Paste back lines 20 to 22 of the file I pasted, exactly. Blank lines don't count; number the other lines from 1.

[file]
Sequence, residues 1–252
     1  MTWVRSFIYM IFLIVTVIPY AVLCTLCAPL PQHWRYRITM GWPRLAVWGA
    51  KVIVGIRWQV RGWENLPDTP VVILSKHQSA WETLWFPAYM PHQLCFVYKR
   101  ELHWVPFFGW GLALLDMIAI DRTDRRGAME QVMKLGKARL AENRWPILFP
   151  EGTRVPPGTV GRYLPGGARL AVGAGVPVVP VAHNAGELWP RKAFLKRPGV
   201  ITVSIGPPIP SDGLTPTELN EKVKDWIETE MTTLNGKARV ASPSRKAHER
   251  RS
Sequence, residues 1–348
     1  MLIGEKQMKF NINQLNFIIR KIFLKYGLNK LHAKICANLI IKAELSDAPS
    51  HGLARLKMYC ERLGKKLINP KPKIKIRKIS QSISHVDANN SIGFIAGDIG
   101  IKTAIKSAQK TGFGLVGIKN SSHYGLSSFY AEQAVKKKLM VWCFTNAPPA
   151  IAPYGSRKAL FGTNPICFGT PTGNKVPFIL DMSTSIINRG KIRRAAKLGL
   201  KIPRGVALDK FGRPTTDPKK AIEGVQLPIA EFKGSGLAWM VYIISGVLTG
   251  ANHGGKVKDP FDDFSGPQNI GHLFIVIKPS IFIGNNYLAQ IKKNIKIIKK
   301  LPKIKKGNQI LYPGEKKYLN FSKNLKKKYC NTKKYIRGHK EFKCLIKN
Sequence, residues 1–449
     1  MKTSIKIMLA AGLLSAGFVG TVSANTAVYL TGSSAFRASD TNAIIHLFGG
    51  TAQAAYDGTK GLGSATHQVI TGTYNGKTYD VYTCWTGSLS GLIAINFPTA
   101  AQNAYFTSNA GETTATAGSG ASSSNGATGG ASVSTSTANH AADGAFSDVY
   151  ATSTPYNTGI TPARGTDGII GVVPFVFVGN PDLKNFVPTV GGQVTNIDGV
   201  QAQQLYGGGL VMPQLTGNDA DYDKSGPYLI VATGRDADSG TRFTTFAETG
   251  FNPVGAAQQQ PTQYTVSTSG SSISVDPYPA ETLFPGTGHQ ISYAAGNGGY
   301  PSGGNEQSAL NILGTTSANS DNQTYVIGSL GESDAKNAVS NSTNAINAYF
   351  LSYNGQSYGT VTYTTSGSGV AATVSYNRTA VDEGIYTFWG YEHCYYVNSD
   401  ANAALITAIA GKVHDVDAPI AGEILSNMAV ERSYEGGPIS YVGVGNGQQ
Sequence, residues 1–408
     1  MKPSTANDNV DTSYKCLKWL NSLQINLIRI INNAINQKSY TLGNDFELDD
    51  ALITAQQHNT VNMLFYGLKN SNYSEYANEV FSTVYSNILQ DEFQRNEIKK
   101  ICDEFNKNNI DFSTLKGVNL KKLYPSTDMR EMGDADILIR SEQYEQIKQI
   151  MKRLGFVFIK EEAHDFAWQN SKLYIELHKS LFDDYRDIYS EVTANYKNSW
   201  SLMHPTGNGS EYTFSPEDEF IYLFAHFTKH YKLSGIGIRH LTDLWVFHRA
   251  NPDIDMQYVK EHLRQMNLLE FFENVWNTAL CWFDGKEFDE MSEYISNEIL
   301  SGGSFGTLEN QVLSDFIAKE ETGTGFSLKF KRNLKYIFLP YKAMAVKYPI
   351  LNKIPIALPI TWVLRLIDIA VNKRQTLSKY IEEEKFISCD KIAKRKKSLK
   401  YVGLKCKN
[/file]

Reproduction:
   151  ATSTPYNTGI TPARGTDGII GVVPFVFVGN PDLKNFVPTV GGQVTNIDGV
   201  QAQQLYGGGL VMPQLTGNDA DYDKSGPYLI VATGRDADSG TRFTTFAETG
   251  FNPVGAAQQQ PTQYTVSTSG SSISVDPYPA ETLFPGTGHQ ISYAAGNGGY